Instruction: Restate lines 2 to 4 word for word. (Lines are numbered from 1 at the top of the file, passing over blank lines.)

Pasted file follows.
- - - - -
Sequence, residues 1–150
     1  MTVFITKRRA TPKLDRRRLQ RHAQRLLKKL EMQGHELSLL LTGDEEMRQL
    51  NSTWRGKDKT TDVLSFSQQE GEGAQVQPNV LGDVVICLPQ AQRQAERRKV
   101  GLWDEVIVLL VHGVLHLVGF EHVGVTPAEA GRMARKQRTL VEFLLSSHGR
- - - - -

     1  MTVFITKRRA TPKLDRRRLQ RHAQRLLKKL EMQGHELSLL LTGDEEMRQL
    51  NSTWRGKDKT TDVLSFSQQE GEGAQVQPNV LGDVVICLPQ AQRQAERRKV
   101  GLWDEVIVLL VHGVLHLVGF EHVGVTPAEA GRMARKQRTL VEFLLSSHGR